Disclaimer: We are not lawyers, accountants, or financial advisors, and the information in this article is for informational purposes only. This article is based on our own research and experience, and we do our best to keep it accurate and up-to-date, but it may contain errors. Please be sure to consult a legal or financial professional before making any investment decisions.


18 thoughts on “How Much Land To Build A House? 8 Things (2024) You Must Know”

  1. Very informative
    Thanks and best regards

    • Thank you, Raaj. I’m so glad our article was helpful.

  2. Question: Do need 1 or 1/2 Acres of land- to build Farm Ranch house with wrap porch and garage in rear. Area- I am thinking buying land Quinton, Virginia. ( I don’t want be to far in Rural and Neighbors -not so close ; is that possible. Thank you for your time and patience.
    [email protected]

    • Hello Ramonia, I would check with the county planning and/or building department to see if they have minimum lot size regulations on the property in question. Theoretically, .5 acres is enough for a single-family home, but some counties/cities require larger lots in certain zoning districts.

  3. This article is great, but what I seek, I did not find.

    I want to know how much land do I need to build up to 300 tiny homes for the homeless in Los Angeles area?

    Thank you!

    • Hello J Bernard, I would recommend checking with the local planning department since this will vary based on local zoning and building regulations.

  4. I want to know how big is 0.46 of acre is .and will have room for a double wide pool in the back and a barn and most of all front yard.

    • Hello Barbara, this will depend on local building and zoning codes (such as minimum home size and setback requirements). I would recommend speaking with the local city or county building and planning department.

  5. I’m a beginner to understand this. But it’s very informative and easy to understand the basic and important information.

    • Thank you for your comment. I’m so glad our article was helpful!

  6. Hi Erika
    My name is Renne I live in state of Massachusetts I m looking for help I inherited 1.94 acres of land I decided I want build my forever home on it don’t have a clue where to start I. Already went to Artichtech for blue prints charge me $800 for it was pleased of the results he gave me I believe he took advantage of me cause I did nt no anything can you help me? I’m a single mom with three children

    • Hello Renne, could you clarify your question? If you are asking whether you can get your money back for the plans you ordered but didn’t do anything with, I would guess the answer is no since the architect did deliver the service you requested (i.e. the building plans). You generally pay an architect for any design work they do regardless of whether you build or not.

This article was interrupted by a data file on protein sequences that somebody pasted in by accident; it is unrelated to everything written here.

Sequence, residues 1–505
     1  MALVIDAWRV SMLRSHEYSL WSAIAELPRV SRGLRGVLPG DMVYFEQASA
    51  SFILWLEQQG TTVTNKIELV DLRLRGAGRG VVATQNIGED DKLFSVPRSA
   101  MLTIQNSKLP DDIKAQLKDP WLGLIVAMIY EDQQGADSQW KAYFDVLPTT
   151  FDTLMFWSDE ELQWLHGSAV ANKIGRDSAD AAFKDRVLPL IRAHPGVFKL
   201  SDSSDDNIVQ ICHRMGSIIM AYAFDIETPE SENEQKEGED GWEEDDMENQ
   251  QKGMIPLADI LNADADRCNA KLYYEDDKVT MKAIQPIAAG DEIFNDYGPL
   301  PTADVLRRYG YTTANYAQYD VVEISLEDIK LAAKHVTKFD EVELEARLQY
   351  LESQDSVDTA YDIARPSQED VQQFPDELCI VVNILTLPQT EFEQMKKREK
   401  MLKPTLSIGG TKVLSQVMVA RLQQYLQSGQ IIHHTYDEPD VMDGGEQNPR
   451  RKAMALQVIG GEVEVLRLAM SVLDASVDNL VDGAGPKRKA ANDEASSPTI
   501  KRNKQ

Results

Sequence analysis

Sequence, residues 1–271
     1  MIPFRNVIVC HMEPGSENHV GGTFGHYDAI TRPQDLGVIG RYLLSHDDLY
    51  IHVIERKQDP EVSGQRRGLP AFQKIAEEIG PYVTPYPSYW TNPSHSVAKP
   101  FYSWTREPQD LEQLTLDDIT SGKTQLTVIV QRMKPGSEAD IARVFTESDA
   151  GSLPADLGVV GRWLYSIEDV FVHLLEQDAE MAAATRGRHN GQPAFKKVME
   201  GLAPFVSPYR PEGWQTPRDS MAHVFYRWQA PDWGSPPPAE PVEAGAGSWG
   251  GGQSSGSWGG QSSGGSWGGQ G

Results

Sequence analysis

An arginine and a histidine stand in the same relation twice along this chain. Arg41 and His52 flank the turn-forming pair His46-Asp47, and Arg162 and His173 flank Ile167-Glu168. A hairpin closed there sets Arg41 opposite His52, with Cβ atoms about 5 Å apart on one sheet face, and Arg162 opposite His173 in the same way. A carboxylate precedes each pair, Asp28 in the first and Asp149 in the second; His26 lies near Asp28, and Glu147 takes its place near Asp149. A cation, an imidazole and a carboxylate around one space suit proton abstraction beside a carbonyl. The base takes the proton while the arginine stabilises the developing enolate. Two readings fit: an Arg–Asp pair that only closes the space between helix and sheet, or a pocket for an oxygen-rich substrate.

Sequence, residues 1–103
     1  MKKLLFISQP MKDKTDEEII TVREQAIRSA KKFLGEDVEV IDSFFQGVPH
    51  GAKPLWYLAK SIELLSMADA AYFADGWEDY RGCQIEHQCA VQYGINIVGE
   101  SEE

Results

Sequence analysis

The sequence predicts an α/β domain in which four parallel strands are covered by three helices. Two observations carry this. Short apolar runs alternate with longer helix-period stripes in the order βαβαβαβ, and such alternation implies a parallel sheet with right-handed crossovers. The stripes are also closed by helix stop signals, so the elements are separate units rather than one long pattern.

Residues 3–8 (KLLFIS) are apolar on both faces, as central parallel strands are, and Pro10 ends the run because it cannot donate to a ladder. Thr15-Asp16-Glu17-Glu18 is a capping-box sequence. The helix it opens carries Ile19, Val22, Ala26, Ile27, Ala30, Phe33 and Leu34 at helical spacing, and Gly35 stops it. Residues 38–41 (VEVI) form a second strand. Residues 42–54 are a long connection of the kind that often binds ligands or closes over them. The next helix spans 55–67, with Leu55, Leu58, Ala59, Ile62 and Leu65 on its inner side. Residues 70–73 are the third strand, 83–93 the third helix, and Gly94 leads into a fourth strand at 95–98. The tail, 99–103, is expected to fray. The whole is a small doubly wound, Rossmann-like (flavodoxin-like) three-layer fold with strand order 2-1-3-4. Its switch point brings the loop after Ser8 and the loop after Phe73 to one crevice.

7. This is very interesting.
    My husband bought a small (.20) parcel of waterfront land from his father some years ago to give him some financial relief and also with the idea of possibly building a smaller home for his dad on the lot. I know he had schematics for a smaller house and the lot had sewer and water added at some point. My husband unexpectedly passed away and now I have the property. I do not live near it, pay property tax and it is and always has been zoned residential. Other than that I really have little other knowledge of it.

    The parcel is on the bay and I am now being told that it is too small to build on due to setbacks. But as I understand it, the setback required for water and sewer properties is less. I also asked if the rules had changed as I know he was given the green light, and they apparently have not. I am just trying to figure out how this all works as I would like to see the property, but am confused as to what the actual use of the land can be. Thank you.

    • Hello Teresa, I’m afraid I cannot offer much concrete guidance. The best I can do is suggest that you speak with the county planning department (if you haven’t done so already). All the best!

  8. Wanting to buy property to place mobile home, is 0.11 acres a good size no restriction apply.

    • Hello Shari, it really depends on local building/zoning regulations as well as utility availability. If you need a well and septic, this is likely too small, but I would recommend speaking with the local building department.

  9. I did not find what I was looking for. Specifically, I wanted to know the value per acre when measured by 1 acre lots versus larger acreage such as 30 acres or 100 acres or 1000 acres.

    • Hello David, unfortunately, this is very area specific. Difference locations are going to have different values per acre. Generally larger acreages have a lower value per acre than smaller lots, but this can vary as well.